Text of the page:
John Donne

(24 January 1572 - 31 March 1631 / London, England)

John Donne Poems

1. Psalme Cxxxvii. 10/21/2014
2. Good Friday 10/21/2014
3. The Soule 10/21/2014
4. To Sir Henry Goodyere 4/9/2010
5. To The Earl Of Doncaster 4/9/2010
6. To Mr. Tilman After He Had Taken Orders 4/9/2010
7. Translated Out Of Gazaeus, 4/9/2010
8. To Sir Henry Wotton Ii 4/9/2010
9. To Sir Henry Wotton 4/9/2010
10. Holy Sonnet Xi: Spit In My Face You Jews, And Pierce My Side 4/9/2010
11. Mercurius Gallo-Belgicus 4/9/2010
12. To Mr.T.W. 4/9/2010
13. To The Countess Of Bedford Ii 4/9/2010
14. To The Praise Of The Dead And The Anatomy 4/9/2010
15. Klockius 4/9/2010
16. To Mr. Rowland Woodward 4/9/2010
17. To Mr. Samuel Brooke 4/9/2010
18. To The Lady Magdalen Herbert, Of St. Mary Magdalen 4/9/2010
19. Upon The Translation Of The Psalms By Sir Philip Sidney And The Countess Of Pembroke, His Sister 4/9/2010
20. To Mr. I. P. 4/9/2010
21. To Sir Henry Wotton At His Going Ambassador To Venice 4/9/2010
22. To The Countess Of Bedford I 4/9/2010
23. Raderus 4/9/2010
24. The Harbinger 4/9/2010
25. Elegy Xi: The Bracelet 4/9/2010
26. Valediction To His Book 4/9/2010
27. Satire V 4/9/2010
28. Satire I 4/9/2010
29. Holy Sonnet Xix: Oh, To Vex Me, Contraries Meet In One 4/9/2010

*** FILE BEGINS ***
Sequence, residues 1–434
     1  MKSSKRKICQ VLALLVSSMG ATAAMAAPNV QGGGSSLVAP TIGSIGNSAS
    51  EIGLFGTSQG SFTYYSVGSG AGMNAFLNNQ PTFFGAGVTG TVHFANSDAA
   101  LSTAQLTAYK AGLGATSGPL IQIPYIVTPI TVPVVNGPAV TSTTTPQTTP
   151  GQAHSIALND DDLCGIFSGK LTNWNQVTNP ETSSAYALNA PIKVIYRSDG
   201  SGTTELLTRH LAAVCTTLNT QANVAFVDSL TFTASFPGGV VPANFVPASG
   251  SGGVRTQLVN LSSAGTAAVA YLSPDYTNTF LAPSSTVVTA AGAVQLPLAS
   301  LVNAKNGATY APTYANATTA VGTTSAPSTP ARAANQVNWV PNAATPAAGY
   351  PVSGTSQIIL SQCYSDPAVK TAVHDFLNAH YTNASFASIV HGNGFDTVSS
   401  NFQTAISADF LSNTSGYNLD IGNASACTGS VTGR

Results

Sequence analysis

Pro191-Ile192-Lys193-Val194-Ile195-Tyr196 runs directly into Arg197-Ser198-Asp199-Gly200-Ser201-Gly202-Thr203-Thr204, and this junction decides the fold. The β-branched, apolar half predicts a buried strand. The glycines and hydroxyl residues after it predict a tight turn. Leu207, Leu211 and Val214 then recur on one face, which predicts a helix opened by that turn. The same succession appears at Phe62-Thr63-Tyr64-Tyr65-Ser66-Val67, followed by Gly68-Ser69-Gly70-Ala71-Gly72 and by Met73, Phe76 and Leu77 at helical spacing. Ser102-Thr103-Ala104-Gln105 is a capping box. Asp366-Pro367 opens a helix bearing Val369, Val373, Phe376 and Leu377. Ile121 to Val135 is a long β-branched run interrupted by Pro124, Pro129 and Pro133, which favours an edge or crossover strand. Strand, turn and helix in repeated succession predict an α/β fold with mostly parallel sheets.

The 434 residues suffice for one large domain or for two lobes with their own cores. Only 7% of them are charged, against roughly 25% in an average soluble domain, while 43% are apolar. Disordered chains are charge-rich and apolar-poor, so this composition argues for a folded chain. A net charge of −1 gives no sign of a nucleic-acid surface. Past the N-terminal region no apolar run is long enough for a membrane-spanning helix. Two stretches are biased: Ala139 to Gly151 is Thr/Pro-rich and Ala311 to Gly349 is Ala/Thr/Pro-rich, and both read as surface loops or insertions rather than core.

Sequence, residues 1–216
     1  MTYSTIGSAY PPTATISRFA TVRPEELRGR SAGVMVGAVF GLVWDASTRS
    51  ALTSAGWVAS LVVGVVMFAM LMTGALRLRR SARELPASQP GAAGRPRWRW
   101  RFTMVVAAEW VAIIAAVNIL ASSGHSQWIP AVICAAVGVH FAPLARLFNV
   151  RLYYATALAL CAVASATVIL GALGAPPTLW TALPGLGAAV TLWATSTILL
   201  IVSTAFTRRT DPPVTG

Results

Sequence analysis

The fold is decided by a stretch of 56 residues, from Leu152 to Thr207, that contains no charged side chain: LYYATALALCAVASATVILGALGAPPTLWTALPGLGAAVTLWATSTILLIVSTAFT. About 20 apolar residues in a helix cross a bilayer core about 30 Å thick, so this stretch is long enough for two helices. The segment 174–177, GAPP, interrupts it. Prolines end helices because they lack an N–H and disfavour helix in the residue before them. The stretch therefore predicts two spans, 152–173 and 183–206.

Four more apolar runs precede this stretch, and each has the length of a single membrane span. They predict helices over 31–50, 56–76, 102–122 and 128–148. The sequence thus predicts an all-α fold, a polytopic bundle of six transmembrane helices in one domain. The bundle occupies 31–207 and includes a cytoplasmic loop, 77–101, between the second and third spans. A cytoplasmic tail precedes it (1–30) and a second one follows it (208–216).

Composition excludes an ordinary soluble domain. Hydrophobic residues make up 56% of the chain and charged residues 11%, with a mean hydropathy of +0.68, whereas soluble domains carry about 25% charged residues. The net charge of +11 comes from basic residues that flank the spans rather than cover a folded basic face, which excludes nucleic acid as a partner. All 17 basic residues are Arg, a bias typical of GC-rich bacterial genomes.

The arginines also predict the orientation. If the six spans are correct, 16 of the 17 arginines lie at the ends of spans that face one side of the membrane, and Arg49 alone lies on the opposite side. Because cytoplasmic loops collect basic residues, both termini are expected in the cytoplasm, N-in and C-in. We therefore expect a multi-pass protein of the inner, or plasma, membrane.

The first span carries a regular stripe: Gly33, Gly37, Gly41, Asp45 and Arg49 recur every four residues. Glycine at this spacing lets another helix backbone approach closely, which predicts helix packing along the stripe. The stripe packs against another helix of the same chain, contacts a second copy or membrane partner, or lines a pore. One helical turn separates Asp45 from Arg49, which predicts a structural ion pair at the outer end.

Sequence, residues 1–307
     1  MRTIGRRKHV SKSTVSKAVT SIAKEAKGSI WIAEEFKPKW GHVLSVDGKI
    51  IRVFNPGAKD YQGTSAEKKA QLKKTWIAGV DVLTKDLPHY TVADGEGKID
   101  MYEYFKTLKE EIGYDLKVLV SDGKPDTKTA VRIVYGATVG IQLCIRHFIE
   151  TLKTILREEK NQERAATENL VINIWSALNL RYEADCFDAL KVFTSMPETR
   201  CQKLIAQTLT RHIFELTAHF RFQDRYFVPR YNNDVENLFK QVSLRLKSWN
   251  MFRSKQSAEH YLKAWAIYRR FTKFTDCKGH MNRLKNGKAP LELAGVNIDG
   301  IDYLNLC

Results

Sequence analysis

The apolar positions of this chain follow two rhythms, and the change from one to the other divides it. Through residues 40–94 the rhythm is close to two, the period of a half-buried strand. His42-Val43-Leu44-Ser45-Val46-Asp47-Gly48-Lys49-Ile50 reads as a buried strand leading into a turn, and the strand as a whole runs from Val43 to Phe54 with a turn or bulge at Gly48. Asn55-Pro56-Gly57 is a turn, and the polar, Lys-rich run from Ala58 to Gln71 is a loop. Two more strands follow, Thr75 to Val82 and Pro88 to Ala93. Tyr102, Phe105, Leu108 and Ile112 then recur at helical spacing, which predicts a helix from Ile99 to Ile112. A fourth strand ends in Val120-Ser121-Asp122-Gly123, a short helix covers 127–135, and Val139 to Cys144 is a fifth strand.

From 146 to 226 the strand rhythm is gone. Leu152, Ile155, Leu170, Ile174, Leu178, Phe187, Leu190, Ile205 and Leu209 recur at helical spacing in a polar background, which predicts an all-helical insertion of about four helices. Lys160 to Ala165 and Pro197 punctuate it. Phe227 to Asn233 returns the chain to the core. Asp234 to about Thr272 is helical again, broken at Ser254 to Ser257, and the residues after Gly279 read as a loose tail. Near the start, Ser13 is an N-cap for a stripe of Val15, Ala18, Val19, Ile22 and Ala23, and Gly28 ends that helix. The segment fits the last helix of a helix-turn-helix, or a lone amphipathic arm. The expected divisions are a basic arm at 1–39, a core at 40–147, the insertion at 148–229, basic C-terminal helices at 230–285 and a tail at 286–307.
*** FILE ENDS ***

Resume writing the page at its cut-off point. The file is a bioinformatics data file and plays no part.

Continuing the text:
30. To Mr.I.L. 4/9/2010
31. Ralphius 4/9/2010
32. Crucifying 4/9/2010
33. Elegy Xii 4/9/2010
34. Nativity 4/9/2010
35. Fall Of A Wall 4/9/2010
36. The Annunciation And Passion 4/9/2010
37. Temple 4/9/2010
38. Satire Ii 4/9/2010
39. Holy Sonnet Viii: If Faithful Souls Be Alike Glorified 4/9/2010
40. Twickenham Garden 4/9/2010
Best Poem of John Donne

No Man Is An Island

No man is an island,
Entire of itself,
Every man is a piece of the continent,
A part of the main.
If a clod be washed away by the sea,
Europe is the less.
As well as if a promontory were.
As well as if a manor of thy friend's
Or of thine own were:
Any man's death diminishes me,
Because I am involved in mankind,
And therefore never send to know for whom the bell tolls;
It tolls for thee.

Read the full of No Man Is An Island

Holy Sonnet X

Death, be not proud, though some have called thee
Mighty and dreadful, for thou art not so;
For those whom thou think'st thou dost overthrow,
Die not, poor Death, nor yet canst thou kill me.
From rest and sleep, which but thy pictures be,
Much pleasure; then from thee much more must flow,
And soonest our best men with thee do go,
Rest of their bones, and soul's delivery.
Thou art slave to fate, chance, kings, and desperate men,

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